It appears that a strong showing by a previously-unknown City Council candidate, Mitch Miller, has given Incumbent Wildomar city councilmember Bob Cashman, a post-election epiphany on he and his Council colleague’s presumed approval by the citizens of Wildomar.
Which is why conducting an election every two years is a good thing.
But only if those who are elected, or reelected, understand what the voting outcome means.
Apparently, Cashman has already completed some internal political introspection.
According to a recent Californian article, Cashman stated the following:
“That Miller, a political unknown who did little campaigning, did so well, Cashman said, indicates that Moore and himself have some work to do in heeding the constituents.
“When you look at the percentages, the two of us could have been a lot higher, so some people are not happy with things,” he said. “So that’s what we need to be paying attention to and, now that we’ve been re-elected, we better pay attention to it.”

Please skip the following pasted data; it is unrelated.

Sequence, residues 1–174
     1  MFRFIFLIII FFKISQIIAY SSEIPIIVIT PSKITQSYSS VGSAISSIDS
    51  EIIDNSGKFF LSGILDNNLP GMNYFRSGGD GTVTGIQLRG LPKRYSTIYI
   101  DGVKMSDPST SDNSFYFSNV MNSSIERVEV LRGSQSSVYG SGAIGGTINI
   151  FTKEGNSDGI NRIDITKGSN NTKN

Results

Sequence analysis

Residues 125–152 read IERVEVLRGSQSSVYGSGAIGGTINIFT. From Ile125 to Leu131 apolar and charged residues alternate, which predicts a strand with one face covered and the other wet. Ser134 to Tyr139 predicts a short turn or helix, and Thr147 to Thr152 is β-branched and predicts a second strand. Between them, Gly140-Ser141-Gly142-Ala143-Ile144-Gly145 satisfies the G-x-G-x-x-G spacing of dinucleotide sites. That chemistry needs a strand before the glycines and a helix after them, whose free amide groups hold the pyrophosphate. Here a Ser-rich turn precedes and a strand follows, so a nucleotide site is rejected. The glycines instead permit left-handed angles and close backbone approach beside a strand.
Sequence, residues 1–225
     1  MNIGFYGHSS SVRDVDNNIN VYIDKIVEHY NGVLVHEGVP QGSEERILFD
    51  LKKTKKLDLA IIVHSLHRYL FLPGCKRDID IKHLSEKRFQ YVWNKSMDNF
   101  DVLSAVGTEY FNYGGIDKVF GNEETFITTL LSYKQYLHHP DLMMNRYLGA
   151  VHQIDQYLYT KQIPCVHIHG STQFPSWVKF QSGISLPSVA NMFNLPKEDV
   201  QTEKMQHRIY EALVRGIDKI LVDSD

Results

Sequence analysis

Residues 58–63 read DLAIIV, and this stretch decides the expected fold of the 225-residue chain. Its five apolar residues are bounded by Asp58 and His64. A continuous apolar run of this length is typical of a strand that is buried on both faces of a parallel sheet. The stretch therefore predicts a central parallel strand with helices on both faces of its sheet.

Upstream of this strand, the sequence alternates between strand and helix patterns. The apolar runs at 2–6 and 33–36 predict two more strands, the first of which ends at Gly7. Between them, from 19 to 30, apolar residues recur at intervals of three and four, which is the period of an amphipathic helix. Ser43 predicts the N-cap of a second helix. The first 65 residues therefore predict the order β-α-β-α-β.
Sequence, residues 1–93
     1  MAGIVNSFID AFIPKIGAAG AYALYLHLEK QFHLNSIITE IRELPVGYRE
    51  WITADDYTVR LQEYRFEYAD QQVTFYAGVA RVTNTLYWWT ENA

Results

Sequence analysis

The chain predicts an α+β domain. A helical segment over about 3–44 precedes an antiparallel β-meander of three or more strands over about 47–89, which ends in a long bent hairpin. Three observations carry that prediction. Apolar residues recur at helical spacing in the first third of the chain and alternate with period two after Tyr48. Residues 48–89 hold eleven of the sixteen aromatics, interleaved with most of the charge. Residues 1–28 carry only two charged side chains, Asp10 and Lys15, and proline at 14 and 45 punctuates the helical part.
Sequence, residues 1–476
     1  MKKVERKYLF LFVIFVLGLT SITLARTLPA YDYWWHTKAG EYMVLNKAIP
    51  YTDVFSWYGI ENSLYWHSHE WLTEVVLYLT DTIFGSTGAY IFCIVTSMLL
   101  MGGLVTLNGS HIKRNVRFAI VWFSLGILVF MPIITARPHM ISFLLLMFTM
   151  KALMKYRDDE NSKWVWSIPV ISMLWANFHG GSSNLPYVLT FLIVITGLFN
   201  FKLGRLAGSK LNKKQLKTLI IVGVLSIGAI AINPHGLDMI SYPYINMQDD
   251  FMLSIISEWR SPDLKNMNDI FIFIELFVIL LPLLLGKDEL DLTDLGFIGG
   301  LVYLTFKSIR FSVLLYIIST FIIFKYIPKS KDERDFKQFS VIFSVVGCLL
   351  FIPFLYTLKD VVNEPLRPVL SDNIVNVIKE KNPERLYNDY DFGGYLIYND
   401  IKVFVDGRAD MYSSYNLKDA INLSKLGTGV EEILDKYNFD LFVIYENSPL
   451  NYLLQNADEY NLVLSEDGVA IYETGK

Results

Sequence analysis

Please click on the following link to read his remarks in context, as follows:
According to the numbers provided by the Riverside County Registrar of Voters, Bridgette Moore received 4664 votes (34.89% of the total) and Cashman received 3831 votes (28.66% of the total).
In contrast and comparison the “unknown candidates,” Mitch Miller and Richard Cary received a combined 4874 votes (36.45% of the total), confirming that more people voted for “Anybody but Bridgette…) or Bob.
Having more votes cast for two unknown candidates, each running sub-par campaigns (Miller did not actively campaign and Cary did not pay for a campaign statement), than either of the incumbents is surely a reflection of the dissatisfaction among the citizens of Wildomar.
Opposition and dissension within our community is not likely to subside with the completion of this recent election, regardless of the outcome of the vote count for Measure Z. That horse “left the barn” more than 200 years ago.
A healthy democracy will always contain robust debate.
The hyperbole of the term “haters,” as used by pro-park proponents, will not diminish any oppositional activism. In fact, is likely to incite and inspire higher levels of opposition.
However, there is always hope that the softer side of Bob Cashman might have some influence on the rest of his colleagues to encourage all of them, as a representative body, the future, to give a fairer hearing and reasonable consideration to those in the community who may have differing opinions on issues related to the City of Wildomar.
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